Jump to ContentJump to Main Navigation
When Citizens DecideLessons from Citizen Assemblies on Electoral Reform$
Users without a subscription are not able to see the full content.

Patrick Fournier, Henk van der Kolk, R. Kenneth Carty, André Blais, and Jonathan Rose

Print publication date: 2011

Print ISBN-13: 9780199567843

Published to Oxford Scholarship Online: September 2011

DOI: 10.1093/acprof:oso/9780199567843.001.0001

Show Summary Details
Page of

PRINTED FROM OXFORD SCHOLARSHIP ONLINE (www.oxfordscholarship.com). (c) Copyright Oxford University Press, 2019. All Rights Reserved. Under the terms of the licence agreement, an individual user may print out a PDF of a single chapter of a monograph in OSO for personal use (for details see www.oxfordscholarship.com/page/privacy-policy).date: 18 April 2019

Did the Participants Decide by Themselves?

Did the Participants Decide by Themselves?

Chapter:
(p.94) 6 Did the Participants Decide by Themselves?
Source:
When Citizens Decide
Author(s):

Patrick Fournier

Henk van der Kolk

R. Kenneth Carty

André Blais

Jonathan Rose

Publisher:
Oxford University Press
DOI:10.1093/acprof:oso/9780199567843.003.0006

One of the underlying fundamental assumptions of the citizen assemblies is that the members would make independent decisions about which electoral system was most appropriate. One of the reasons for this independence is that a lack thereof contradicts pseudorandom selection. If the assembly members were to fall under the sway of some external actors, they no longer can be said to represent the public. In this chapter, the possible influences of specific individuals within the assembly, the people charged with organizing and directing the assembly activities, the public consultations, and political parties are studied. It is argued that none of these actors endangered the independent decision-making within the assembly and that the members indeed decided by themselves.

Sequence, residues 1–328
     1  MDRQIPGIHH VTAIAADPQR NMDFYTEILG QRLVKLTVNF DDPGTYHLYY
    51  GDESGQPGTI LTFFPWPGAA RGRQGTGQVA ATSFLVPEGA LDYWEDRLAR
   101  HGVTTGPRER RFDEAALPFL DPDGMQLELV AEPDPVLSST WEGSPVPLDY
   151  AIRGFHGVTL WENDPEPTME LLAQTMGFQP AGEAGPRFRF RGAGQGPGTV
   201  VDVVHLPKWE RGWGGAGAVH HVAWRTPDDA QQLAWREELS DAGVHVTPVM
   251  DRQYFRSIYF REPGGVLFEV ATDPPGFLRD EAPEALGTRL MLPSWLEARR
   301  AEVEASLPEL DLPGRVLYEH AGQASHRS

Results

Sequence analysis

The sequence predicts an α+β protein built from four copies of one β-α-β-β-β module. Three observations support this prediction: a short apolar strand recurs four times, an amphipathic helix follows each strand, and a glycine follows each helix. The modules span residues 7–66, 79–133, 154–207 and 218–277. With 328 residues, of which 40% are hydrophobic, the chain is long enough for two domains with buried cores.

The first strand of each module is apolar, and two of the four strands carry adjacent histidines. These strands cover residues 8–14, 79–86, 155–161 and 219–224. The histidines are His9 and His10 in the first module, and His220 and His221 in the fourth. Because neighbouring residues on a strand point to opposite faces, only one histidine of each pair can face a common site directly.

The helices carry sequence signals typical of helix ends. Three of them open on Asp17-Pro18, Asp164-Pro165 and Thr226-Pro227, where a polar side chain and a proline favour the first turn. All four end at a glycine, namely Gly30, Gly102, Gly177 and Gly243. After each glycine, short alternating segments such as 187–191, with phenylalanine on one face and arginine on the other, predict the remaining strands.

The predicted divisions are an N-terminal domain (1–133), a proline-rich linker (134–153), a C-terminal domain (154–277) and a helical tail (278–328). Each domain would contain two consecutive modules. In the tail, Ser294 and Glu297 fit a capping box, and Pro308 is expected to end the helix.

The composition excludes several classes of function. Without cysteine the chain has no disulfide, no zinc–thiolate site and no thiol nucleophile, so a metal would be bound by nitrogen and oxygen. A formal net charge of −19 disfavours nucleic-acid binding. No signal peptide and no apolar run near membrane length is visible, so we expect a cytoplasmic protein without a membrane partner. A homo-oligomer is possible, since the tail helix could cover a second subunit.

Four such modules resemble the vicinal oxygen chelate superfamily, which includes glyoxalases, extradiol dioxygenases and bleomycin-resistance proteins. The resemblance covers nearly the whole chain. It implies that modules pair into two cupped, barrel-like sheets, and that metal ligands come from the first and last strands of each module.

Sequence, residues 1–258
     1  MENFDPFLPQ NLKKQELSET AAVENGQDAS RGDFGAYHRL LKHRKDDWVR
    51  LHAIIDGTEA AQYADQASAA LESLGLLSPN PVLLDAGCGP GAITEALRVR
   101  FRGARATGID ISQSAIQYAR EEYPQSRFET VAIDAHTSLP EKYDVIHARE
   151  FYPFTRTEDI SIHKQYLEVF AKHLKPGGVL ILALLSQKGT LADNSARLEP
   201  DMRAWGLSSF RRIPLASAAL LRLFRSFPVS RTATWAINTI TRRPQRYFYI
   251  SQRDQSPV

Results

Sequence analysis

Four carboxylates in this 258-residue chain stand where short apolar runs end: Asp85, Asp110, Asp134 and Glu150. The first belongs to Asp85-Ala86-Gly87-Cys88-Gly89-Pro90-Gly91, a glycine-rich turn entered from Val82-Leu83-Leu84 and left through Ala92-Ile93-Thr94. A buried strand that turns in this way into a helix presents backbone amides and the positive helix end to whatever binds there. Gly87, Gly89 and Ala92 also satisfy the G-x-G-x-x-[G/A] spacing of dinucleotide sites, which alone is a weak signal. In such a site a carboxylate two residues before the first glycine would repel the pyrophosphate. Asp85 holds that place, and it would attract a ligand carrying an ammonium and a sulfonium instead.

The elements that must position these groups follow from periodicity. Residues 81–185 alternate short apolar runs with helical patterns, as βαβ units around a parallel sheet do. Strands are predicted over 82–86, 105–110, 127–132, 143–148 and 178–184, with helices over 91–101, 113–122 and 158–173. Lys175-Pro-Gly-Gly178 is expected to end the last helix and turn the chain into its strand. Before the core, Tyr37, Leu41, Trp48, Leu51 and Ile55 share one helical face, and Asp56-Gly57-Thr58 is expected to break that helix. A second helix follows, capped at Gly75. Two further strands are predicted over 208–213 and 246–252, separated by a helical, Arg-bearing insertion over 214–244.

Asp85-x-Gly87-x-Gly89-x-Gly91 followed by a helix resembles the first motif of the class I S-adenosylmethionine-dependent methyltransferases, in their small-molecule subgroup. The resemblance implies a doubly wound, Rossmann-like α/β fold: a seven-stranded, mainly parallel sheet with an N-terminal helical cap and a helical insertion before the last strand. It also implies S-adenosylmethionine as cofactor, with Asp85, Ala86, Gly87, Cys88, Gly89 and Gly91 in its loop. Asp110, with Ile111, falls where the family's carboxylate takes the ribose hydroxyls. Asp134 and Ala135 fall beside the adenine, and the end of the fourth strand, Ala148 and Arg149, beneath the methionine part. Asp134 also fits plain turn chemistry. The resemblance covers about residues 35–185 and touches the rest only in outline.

Keywords:   influence, independence, political parties, experts

Oxford Scholarship Online requires a subscription or purchase to access the full text of books within the service. Public users can however freely search the site and view the abstracts and keywords for each book and chapter.

Please, subscribe or login to access full text content.

If you think you should have access to this title, please contact your librarian.

To troubleshoot, please check our FAQs , and if you can't find the answer there, please contact us .